So You Think You Might Be Pregnant

An unexpected pregnancy can be a stressful experience. If you’re worried you might be pregnant, Fumble’s here with some helpful information

If you think you’re pregnant you may feel like this…

Or this…

Both are normal and valid. No matter how you’re feeling, there’s a lot to think about, so here’s a handy step-by-step guide to help you make a decision on your next steps.

But first things first – how do I get pregnant?

Sometimes young people think they’re pregnant, but they haven’t actually had the type of sex that can lead to pregnancy.

You can’t get pregnant from kissing, touching, or oral sex. You can only get pregnant if semen from a penis comes into direct contact with the vagina. This may occur if you have penis-in-vagina sex without using contraception or if your contraception failed, such as the condom breaking.

There’s a lot more to say about the realities of getting pregnant, which we will tackle another time. If you’re looking for more detail right now, check out the NHS website.

The emergency contraceptive pill (EC pill)

It’s important to remember that time matters in determining whether or not you might be pregnant. It can be a few weeks after having unprotected sex before you will be able to tell if you are pregnant.

This means that if you had unprotected sex in the last couple of days, you can still take steps to prevent a pregnancy – if that’s what you want.

If your contraception failed or you had unprotected sex in the last five days, you can normally prevent pregnancy by taking emergency contraception – often referred to as the ‘morning after pill’. This works by preventing or delaying ovulation, which reduces the possibility of a pregnancy.

There are two types to choose from:  Levonelle or ellaOne. Levonelle can be taken within three days of having unprotected sex and ellaOne can be taken within five days of having unprotected sex.

Some doctors and GUM clinics are also able to fit an intrauterine device (IUD) as an emergency contraceptive measure.

However, the sooner you take an emergency contraceptive, the more effective it will be – so if you don’t want to be pregnant, you should look into this as soon as possible.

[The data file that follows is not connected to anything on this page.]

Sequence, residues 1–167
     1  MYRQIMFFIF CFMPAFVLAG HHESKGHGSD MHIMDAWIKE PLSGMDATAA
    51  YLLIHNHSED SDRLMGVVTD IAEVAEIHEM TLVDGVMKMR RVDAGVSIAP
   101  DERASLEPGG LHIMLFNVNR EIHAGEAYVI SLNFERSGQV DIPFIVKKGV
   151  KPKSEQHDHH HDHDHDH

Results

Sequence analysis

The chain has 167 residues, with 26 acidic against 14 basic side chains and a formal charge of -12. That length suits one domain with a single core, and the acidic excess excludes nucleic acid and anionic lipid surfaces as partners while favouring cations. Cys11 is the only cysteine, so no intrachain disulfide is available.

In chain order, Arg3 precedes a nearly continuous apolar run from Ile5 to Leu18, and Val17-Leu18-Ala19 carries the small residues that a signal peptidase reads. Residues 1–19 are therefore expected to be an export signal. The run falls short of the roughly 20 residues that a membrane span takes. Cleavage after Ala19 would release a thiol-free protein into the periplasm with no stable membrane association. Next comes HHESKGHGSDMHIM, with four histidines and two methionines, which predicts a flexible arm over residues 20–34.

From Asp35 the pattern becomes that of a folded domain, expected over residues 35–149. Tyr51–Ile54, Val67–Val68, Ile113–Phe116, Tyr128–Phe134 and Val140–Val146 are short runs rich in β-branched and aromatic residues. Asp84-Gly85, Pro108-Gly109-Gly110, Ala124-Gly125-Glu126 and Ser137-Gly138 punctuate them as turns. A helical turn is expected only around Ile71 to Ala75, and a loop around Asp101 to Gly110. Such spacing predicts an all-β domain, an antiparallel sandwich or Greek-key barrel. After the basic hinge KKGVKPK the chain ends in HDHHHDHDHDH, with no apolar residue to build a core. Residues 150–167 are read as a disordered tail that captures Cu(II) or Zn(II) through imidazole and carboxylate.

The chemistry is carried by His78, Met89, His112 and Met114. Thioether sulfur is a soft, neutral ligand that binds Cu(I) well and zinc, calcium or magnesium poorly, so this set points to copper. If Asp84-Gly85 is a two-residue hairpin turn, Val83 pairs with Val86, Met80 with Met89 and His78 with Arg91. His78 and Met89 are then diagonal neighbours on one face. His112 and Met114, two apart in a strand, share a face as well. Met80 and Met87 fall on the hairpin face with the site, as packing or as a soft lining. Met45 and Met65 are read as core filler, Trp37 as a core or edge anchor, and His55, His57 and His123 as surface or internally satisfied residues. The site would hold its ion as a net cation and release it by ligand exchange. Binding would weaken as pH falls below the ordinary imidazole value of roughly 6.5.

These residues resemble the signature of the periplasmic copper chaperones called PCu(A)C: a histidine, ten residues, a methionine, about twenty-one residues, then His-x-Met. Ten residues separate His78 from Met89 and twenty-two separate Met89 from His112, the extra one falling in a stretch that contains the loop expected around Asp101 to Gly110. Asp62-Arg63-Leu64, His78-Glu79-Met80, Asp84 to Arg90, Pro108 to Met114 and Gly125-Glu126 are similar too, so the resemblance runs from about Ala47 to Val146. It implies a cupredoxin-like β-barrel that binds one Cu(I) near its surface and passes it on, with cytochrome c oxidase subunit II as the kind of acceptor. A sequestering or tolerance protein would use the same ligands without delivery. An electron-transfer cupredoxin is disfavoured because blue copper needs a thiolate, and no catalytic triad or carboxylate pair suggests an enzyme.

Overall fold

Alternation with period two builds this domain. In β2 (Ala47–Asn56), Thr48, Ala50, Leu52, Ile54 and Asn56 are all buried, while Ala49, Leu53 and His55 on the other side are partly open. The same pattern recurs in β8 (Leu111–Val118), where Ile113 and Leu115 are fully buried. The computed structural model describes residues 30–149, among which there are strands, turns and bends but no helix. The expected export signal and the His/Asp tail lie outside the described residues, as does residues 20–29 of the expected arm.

If you want to take an EC pill, you can get one for free from the NHS at your local sexual health clinicGPs, NHS walk-in centres, some accident and emergency departments, and some pharmacies.

Here’s our list of all the places you can access emergency contraception. 

Pregnancy tests

The most common first sign of a pregnancy is a missed period. So, if you’ve had unprotected penis-in-vagina-sex, and then missed your period, you may be pregnant.

It’s very unlikely, but there is a small chance you could fall pregnant even if you took the emergency pill (as it is not 100% effective) so be sure to take a pregnancy test if you’re worried about a missed period.

You can buy pregnancy tests from most pharmacies, or you can go to your doctor or a GUM clinic to get a pregnancy test.

It’s best to take the test three weeks after unprotected sex, or once your period is late, to get an accurate result.

If the test displays a negative result, you probably aren’t pregnant. Pregnancy hormones develop over time, so you’re still worried, you can do another test a week later to check the result.

If you get a positive result, you are almost definitely pregnant. False positives can occur, but they are highly unlikely.

If you’re pregnant, we recommend that you make an appointment with a GP to discuss your options.

You’re pregnant: what can you do?

If you’re pregnant, you have several options to choose from:

  1. Parenting: continue the pregnancy, give birth, and raise the child
  2. Adoption: continue the pregnancy, give birth, and give the child to someone else
  3. Abortion: end the pregnancy

Deciding what to do may be difficult and take some time, and this is totally ok. You’re not alone, and there is plenty of support and advice on hand to help you make a decision. It’s important that you consider all your options, so talking to your friends, family, and health care professionals may help.

It may seem scary to talk to your parents about your pregnancy, but it may also be really helpful. Some parents will be upset or shocked, while others will be understanding. Often parents become more understanding with time, and can be a really helpful support for you.

Ultimately it is your choice to decide what to do next, and no one should feel pressure to make a certain decision. You know what is the best option for you, and whatever you decide is the right choice.

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